Much of this progress in payment methods comes from financial tech industry innovators who rushed to fill the newfound need. These companies (and the retailers leveraging their products) are able to turn on a dime in reaction to unprecedented economic upheaval. Multi-year contingency plans may have helped some companies survive the pandemic, but leaders imagined better systems were able to “stop, drop, and roll,” and move beyond survival to success.
The impact on small and medium-sized businesses (SMBs)
Covid-19 disproportionately impacted SMBs, which are often more reliant on cash transactions and paper records than their larger counterparts. Research we conducted last year found SMBs have been underserved by the fintech community, generating opportunities for innovation. Many non-chain restaurants without online ordering interfaces scrambled to implement digital integrations with services like Uber Eats, GrubHub, or DoorDash.
Hardware or clothing stores allowed customers to order and pay for items online and get their products the same day with curbside pickup. This approach, ubiquitous in 2022, was an outlier in retail in 2020. Consumers could pay electronically instead of with cash, both for convenience and Covid prevention.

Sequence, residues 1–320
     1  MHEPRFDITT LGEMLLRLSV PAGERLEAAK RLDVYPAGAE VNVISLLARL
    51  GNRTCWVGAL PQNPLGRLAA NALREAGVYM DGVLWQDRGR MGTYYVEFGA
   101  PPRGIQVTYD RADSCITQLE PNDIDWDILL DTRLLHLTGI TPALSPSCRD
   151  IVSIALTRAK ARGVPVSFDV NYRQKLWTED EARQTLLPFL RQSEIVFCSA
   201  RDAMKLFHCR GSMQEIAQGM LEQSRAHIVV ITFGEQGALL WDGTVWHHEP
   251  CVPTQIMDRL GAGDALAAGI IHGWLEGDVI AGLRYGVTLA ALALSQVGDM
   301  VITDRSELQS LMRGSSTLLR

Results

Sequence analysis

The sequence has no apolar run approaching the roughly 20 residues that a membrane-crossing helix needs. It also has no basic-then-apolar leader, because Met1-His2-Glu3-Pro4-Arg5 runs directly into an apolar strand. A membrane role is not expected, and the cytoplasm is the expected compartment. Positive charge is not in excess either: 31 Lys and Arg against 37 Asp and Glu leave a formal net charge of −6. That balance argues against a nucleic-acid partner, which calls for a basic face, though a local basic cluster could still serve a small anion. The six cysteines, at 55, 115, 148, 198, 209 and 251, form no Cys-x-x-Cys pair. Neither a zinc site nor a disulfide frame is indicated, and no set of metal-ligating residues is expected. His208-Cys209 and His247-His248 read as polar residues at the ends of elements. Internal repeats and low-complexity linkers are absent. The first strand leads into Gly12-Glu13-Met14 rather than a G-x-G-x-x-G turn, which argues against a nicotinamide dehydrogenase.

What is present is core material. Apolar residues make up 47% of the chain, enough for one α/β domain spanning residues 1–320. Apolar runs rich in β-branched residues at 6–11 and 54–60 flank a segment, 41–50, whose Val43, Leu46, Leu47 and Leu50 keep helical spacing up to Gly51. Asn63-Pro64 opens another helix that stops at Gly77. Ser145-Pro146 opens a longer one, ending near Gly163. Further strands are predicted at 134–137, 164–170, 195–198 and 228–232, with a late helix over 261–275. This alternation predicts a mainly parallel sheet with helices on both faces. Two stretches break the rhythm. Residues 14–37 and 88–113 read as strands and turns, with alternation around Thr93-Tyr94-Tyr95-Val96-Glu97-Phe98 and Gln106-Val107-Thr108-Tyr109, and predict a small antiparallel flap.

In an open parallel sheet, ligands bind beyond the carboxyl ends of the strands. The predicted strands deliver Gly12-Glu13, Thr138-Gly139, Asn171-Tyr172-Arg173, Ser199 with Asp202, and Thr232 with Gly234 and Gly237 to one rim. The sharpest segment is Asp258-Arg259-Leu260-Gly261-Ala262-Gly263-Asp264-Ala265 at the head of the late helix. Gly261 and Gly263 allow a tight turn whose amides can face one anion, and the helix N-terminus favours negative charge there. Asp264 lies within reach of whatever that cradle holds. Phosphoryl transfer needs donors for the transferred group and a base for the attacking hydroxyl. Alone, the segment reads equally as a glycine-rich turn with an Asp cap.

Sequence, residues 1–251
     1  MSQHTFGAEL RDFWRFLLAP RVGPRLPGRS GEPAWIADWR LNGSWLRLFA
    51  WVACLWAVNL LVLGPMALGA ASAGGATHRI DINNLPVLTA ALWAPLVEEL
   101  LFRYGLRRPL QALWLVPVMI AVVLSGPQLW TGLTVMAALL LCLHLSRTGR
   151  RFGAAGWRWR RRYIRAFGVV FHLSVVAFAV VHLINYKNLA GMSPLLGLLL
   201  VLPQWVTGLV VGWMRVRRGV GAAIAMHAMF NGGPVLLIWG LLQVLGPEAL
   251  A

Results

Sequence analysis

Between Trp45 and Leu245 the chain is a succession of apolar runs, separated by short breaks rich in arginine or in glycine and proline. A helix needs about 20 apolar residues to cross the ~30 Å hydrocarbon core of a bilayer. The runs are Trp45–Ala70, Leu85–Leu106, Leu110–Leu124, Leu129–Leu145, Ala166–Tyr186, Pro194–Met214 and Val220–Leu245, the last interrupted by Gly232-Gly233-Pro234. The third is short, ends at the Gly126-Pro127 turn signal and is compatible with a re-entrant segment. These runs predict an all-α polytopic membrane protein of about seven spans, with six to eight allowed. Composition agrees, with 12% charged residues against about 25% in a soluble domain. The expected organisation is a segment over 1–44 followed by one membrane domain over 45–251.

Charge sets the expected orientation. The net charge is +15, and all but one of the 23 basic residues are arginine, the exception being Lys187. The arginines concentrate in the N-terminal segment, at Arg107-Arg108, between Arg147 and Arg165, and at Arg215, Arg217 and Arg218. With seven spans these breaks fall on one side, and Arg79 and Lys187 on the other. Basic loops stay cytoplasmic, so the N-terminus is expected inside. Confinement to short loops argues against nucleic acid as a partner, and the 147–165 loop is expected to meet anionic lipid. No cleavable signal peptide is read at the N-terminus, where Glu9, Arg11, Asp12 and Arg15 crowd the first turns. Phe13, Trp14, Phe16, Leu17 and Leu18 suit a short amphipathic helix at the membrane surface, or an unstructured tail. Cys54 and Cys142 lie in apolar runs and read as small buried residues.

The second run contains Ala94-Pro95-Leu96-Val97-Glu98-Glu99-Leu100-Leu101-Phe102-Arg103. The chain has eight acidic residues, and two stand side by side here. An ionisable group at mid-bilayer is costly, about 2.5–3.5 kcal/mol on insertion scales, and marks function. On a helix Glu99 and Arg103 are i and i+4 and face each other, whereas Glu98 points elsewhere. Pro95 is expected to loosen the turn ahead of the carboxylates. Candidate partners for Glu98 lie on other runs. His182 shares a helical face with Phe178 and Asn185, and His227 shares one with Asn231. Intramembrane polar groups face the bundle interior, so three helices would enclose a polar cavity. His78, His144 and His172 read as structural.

Before the pandemic, these SMBs avoided the cost of these services. New and disruptive companies now allow businesses to save on payment processing, get paid quicker, and pay their suppliers and vendors — all while gaining insights into cash flow and inventory management.
Xero joined forces with payment start-up Wise (formerly TransferWise) to manage accounts and process transactions, while Shopify introduced Shop Pay Installments, allowing customers to “buy now, pay later”. Even social media giant Meta introduced Shops, letting business profiles on its Facebook and Instagram platforms create virtual storefronts.